· Nighthawk Gold Corp. announced updated Inferred Mineral Resource estimate this week, of 50.305 million tonnes, with an average grade of 1.62 grams per tonne. This is for the 2.613 million ounces of gold for its 100 percent owned Colomac Gold Project, Bloomberg reports. Recent test work for the Colomac project confirms favorable recoveries for all process options including heap leaching, flotation and gravity separation. In other company news, Wesdome Mines has been raised to “strong” buy from buy, a recommendation made by Industrial Alliance Securities analyst George Topping. The company’s price target is set to C$5, implying an increase of 98 percent from its last close, reports Bloomberg.
· Inflation in the U.S. accelerated during May to the fastest pace in over six years, reports Bloomberg. The consumer price index (CPI) rose 0.2 percent from April and 2.8 percent from a year earlier. Average hourly wages, however, were unchanged from May 2017 when adjusted for inflation, which shows employees’ incomes were stagnate. The trend of no growth in real purchasing power for employees cannot go on forever. The first rounds of teacher strikes this past school year likely won’t be a onetime event or one sector of the economy shock. Labor markets are tight. Immigration labor is being choked off from participation in the future which should lead to increased Unit Labor Costs. Cornerstone Macro notes that Unit Labor Costs accelerated sharply in the 1970s driven by a jump in compensation gains which led inflation and gold during that decade.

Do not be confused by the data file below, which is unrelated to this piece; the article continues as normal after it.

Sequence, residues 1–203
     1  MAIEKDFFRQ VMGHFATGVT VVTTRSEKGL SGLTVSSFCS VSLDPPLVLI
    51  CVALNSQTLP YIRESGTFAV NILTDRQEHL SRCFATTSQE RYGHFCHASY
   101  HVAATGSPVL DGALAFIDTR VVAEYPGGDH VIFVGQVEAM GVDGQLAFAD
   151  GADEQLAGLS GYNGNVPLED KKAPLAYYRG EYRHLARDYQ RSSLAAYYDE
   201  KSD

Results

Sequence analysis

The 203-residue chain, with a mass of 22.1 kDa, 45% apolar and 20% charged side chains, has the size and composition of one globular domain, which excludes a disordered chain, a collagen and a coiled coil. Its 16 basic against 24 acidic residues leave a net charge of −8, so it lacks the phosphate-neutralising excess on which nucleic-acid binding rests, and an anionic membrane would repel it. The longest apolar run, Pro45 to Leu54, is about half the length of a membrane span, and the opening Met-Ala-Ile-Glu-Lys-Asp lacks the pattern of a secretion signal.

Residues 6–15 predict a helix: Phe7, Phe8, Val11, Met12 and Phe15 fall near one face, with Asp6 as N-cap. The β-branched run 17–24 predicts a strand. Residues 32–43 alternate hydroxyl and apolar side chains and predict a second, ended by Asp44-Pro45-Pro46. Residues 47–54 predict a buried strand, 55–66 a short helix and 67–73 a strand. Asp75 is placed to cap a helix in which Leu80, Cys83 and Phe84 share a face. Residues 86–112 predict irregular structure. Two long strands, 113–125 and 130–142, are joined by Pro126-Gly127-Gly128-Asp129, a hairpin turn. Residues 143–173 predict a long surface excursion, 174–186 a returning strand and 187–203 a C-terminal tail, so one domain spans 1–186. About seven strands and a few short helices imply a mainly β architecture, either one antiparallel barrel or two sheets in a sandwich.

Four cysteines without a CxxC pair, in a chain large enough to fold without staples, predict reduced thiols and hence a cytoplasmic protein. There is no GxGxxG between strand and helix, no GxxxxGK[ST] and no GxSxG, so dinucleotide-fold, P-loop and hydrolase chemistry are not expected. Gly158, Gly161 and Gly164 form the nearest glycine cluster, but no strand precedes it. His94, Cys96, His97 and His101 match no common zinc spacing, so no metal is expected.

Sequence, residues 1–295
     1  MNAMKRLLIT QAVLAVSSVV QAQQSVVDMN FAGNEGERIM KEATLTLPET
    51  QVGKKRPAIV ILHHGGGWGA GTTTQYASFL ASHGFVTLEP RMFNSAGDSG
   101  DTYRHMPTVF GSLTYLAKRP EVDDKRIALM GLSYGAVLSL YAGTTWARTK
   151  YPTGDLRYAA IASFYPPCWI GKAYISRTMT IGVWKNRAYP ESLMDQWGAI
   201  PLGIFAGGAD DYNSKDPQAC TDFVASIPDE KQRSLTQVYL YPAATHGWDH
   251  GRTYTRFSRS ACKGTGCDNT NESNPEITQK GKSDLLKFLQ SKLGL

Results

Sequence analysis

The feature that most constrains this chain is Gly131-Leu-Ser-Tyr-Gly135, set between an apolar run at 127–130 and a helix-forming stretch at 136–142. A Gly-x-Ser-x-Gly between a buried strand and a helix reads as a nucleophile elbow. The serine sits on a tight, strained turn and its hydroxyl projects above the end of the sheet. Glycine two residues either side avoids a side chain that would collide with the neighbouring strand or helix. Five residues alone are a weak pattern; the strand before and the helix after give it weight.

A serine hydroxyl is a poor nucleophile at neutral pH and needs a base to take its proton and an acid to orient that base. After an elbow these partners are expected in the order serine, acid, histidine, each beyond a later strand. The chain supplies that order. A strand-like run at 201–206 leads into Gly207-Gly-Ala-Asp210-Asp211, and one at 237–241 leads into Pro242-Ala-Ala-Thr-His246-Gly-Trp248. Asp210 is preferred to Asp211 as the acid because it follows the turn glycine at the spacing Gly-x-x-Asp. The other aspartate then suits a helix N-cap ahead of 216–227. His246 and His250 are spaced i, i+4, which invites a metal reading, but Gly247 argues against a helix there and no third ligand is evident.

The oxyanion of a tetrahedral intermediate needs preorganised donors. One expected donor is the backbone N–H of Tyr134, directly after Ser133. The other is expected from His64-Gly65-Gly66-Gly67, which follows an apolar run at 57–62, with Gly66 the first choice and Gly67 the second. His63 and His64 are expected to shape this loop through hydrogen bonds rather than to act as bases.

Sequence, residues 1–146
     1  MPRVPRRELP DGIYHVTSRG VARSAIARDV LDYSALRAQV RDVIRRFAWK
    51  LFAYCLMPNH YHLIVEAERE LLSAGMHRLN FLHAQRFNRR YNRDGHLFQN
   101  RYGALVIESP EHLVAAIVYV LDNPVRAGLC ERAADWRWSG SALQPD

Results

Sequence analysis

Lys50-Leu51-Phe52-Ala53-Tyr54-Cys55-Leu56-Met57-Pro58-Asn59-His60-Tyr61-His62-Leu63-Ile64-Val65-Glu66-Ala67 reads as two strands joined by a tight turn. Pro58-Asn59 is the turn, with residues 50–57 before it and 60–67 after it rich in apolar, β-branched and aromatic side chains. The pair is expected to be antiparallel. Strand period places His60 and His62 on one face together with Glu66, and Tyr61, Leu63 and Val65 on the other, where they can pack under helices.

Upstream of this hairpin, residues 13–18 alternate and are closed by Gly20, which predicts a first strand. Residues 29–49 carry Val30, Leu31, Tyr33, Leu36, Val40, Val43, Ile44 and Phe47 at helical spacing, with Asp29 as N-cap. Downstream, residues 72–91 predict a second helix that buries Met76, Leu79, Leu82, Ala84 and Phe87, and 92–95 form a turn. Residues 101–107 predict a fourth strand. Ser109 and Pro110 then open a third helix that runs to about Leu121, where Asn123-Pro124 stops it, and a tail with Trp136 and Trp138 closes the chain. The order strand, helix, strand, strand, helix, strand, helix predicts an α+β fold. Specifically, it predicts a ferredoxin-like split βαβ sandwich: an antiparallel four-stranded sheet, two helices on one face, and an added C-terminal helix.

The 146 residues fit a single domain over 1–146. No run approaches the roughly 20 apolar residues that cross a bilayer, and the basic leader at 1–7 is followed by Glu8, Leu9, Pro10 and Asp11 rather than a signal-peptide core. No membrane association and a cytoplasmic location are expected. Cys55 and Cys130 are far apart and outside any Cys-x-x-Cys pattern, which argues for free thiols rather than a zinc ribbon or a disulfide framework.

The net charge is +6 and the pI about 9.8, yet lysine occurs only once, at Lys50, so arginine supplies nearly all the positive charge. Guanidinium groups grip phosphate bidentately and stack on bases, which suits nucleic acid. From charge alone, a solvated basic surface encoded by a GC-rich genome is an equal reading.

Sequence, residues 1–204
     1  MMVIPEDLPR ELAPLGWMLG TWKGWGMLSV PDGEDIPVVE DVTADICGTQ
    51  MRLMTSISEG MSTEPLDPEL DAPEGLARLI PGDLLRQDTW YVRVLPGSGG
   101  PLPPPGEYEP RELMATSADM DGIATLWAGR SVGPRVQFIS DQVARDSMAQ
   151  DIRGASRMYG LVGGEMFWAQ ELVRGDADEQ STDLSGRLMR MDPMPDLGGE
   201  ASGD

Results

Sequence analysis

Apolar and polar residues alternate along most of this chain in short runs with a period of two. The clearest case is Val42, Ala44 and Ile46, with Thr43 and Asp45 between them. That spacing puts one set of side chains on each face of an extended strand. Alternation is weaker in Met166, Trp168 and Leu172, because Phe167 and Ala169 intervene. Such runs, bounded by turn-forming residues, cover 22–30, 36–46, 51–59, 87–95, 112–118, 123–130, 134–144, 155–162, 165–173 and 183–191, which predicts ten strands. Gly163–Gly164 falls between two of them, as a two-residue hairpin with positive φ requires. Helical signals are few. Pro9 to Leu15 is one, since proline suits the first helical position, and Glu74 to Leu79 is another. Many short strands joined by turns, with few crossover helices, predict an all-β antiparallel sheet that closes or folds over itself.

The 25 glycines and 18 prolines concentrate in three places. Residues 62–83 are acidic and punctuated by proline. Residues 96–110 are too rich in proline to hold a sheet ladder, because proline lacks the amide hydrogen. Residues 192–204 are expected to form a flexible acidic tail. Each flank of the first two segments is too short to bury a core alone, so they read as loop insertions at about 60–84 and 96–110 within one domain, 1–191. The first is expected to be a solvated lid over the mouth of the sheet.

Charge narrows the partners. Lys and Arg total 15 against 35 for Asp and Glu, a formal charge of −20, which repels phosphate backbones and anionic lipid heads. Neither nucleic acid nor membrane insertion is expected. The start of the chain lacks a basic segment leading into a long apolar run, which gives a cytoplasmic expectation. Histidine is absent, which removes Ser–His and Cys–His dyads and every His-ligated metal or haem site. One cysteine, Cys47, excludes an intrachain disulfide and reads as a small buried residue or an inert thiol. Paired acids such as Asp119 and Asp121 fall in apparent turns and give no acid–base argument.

· Consumer debt is piling up in the U.S. while borrowers keep their credit profiles healthy for now, reports Bloomberg. Dean Athanasia, co-head of Bank of America’s consumer and small-business operation, noted in a recent conference that “people and clients are definitely leveraging up and we have to watch that.” Meanwhile, senior executives and directors at Netflix, Amazon, Facebook, and Google’s parent Alphabet Inc. have disposed of $4.58 billion of their own stock so far in 2018. “If they continue selling into that weakness, then that’ll be a strong indicator of insider sentiment,” says Jonathan Moreland, director of research at InsiderInsights.com.
· Due to recent tax cuts and increased federal spending, U.S. deficit is ballooning towards 125 percent of gross domestic product after 2030, according to Congressional Budget Office predictions. “It is pretty much unprecedented that we’re seeing this level of debt expansion so late in an economic cycle,” says Jeffrey Gundlach, chief investment officer of DoubleLine Capital.
· Grievances against Randgold Resources turned violent in the town of Kéniéba, Mali, resulting in one person’s death and at least six injured. The incident was sparked when 15 employees who staged a sit-in against Randgold’s hiring practices and the dismissive local government were let go, according to Jane’s 360. On another note, mining companies in the Democratic Republic of Congo are battling new legislation that voids existing agreements and increases costs. DRC is Africa’s largest copper producer and the source of two-thirds of the world’s cobalt.
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-- Published: Monday, 18 June 2018 | E-Mail | Print | Source: GoldSeek.com